University of Rhode Island’s Memorial Union Ballroom will host this year’s Strike a Chord Benefit concert on April 10. Established at Chariho High School and continued at the URI, Strike a Chord has been doing benefit shows for various charities for about five years.

Every semester Strike a Chord holds a benefit show to raise money for a specific charity. This year, vice president of Strike a Chord, Michael McWeeney and his team have collectively come to an agreement that this year’s show will benefit the Hasbro Children’s Hospital.

“We felt that this was a good cause in general,” McWeeney said. “We also liked that it was a local charity that was easily recognizable.”

Strike a Chord hopes to raise a lot of money for Hasbro as well as gain notoriety for their club which would hopefully get more people from the community to join.

“This is our first show in the ballroom as well,” he said. “So we hope to prove ourselves and (to) others that we can do an event of this size.”

Performances will be from various bands, acoustic artists, and the ballroom dance club. Artists including Natalie Paige Spatharakis, indie alternative rock band Cat Has Claws, and alternative rock band Sic Vita are among these entertainers.

Natalie Paige Spatharakis’s style of music tends to vary, depending on the situation.  “If I’m playing by myself I stick to generally easy listening acoustic covers,” she said. “Just my guitar and me, and originals with nothing too funky or sporadic.”

Spatharakis picked up the guitar about 6 years ago, but only a few years prior did she start writing her own music, playing, and singing when none else was around. She has played a handful of open mics before that edged her into world of public performance.

To Spatharakis raising money for the Hasbro Children’s Hospital is a humane cause.

“I think the families go through a lot, but it might be hard in a different way for the kids,” she said. “If most of their life has been spent in visits and stays at hospitals, I think it’s a simple thing to try and provide them with the enjoyment of toys to brighten their days, so when they look back on their childhood, they at least had the same basic simple pleasures even if they had unfortunate circumstances.”

Also performing at this year’s Strike a Chord event will be indie alternative rock band from Providence, RI, Cat Has Claws. Cat Has Claws includes Julie Bozek on guitar and vocals, Buck St. Thomas on drums and vocals, and Matt Hebert on the keyboard and vocals as well.

“We’ve played all over Providence,” Hebert said. “Last year we played at URI and a few shows in Boston. We started out small and have changed over the years.”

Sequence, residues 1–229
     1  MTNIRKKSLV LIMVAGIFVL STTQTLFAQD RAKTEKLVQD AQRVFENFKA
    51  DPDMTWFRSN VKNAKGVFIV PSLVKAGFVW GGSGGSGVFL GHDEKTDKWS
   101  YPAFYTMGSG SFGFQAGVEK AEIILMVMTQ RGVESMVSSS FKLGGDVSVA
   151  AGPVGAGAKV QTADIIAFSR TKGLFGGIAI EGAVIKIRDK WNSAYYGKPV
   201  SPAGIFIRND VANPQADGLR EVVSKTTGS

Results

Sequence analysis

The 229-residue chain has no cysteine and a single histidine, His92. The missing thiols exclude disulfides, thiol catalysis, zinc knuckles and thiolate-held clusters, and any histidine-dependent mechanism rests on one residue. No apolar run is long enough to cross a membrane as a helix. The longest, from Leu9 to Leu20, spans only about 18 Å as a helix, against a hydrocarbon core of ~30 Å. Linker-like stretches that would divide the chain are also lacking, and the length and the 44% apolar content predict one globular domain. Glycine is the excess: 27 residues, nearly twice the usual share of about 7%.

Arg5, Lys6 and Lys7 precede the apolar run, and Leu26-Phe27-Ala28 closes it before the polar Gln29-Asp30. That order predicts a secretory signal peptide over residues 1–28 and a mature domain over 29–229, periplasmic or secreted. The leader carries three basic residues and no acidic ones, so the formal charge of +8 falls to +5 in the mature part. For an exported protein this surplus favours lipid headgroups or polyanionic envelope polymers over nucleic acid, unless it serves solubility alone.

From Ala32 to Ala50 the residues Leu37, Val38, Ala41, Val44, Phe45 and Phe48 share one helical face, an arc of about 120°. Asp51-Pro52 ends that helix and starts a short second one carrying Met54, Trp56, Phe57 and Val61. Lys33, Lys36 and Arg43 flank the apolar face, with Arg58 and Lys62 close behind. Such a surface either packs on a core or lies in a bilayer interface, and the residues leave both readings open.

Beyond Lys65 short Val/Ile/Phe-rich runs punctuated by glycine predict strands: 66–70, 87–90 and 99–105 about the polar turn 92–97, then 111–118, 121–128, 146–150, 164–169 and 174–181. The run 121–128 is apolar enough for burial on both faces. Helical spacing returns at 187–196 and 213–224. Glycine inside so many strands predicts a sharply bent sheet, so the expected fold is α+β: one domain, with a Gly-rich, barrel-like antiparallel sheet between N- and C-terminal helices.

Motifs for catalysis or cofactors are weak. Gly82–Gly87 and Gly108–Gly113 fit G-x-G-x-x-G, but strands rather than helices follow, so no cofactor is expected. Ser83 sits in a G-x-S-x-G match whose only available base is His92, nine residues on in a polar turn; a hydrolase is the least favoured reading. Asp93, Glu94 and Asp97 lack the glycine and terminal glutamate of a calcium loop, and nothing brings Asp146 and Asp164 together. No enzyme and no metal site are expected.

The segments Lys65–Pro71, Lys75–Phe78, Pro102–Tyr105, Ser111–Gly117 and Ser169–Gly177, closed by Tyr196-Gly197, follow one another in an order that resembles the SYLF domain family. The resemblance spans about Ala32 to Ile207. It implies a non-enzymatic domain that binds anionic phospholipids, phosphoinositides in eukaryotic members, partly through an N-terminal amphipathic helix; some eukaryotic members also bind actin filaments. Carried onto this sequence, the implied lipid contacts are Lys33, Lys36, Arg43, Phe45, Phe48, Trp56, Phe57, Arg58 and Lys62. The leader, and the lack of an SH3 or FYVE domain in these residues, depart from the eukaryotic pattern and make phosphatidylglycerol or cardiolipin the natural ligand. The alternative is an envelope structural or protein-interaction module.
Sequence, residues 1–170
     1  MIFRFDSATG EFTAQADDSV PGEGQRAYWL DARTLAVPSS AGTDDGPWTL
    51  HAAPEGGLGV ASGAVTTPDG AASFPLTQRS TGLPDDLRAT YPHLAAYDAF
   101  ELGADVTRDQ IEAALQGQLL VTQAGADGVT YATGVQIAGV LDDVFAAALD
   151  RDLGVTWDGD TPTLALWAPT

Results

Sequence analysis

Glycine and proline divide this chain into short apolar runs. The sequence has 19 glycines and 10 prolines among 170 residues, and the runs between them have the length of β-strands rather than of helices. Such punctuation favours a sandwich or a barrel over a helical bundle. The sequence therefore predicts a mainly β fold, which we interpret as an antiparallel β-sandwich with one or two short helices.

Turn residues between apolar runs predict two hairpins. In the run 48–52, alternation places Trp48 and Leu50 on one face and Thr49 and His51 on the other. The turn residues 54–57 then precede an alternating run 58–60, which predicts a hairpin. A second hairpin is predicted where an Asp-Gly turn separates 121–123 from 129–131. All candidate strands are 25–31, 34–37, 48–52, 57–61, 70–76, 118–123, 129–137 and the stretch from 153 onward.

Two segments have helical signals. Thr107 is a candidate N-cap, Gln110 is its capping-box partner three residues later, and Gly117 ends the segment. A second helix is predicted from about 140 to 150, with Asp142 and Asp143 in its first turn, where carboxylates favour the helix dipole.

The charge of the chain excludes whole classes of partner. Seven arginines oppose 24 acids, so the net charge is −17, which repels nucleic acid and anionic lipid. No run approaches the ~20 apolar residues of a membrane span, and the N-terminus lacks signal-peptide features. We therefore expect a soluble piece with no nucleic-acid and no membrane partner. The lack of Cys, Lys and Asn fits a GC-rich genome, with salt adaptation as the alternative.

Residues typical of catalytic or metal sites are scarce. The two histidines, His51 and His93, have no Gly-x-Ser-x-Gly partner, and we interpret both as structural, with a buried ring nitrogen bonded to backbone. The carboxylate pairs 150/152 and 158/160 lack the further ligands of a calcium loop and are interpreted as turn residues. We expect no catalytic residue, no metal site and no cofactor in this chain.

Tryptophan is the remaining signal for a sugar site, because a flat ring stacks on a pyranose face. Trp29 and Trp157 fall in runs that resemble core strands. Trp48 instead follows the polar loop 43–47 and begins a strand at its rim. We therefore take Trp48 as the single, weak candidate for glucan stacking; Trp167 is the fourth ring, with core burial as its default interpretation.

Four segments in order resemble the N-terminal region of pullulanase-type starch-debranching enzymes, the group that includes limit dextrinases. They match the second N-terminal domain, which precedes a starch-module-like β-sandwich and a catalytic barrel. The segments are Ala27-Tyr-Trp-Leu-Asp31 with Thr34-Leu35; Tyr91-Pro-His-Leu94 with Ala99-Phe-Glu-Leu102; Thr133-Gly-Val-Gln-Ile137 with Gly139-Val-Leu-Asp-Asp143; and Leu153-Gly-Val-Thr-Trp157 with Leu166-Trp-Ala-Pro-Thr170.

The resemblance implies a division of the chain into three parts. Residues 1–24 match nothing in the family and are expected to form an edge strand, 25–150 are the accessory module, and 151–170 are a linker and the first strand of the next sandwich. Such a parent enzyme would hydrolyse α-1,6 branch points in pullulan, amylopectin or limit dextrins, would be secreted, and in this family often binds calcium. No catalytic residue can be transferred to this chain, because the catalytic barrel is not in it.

St. Thomas is a URI Alumni and has interned with Hasbro before. He is excited to come back for another show and to be able to help raise money for Hasbro. The band thinks that it’s awesome to be able to play at a college campus in order to broaden the types of audiences they’ve played for.

“When you play for different people you learn how to improve,” Hebert said. “Definitely getting to meet new people too is also what we hope to gain from this experience.” Bozek added.

Cat Has Claws has recently released their self-titled EP this past February and are very excited to play for this benefit concert this April.

Also performing at this year’s show will be alternative rock band from Southeastern, Mass., Sic Vita. Sic Vita includes Armand Cabral, Jeff Platt, Spencer Harrison, Justin Laclé and Theo Remick. The band has been together since 2011 and has played in various locations such as Massachusetts, New Hampshire and Rhode Island.

“We are very delighted to play for a benefit,” Sic Vita said. “We are excited for the chance to be able to support such a great cause is super exciting.  Plus, we are always looking forward to meet new people who haven’t heard of us and seeing some familiar faces.”

The band hopes to put out an awesome show and raise a lot of money for a good cause. To them, raising money for Hasbro and having a concert to support the charity translates to “bringing light to amazing things”.

“Raising money for a great cause through a show that is supported by local bands is always a great idea,” they said. “Every little bit counts towards something like this, so it’s great to be a part of such an event. So anything of this manner means a great deal to us. We love helping out.”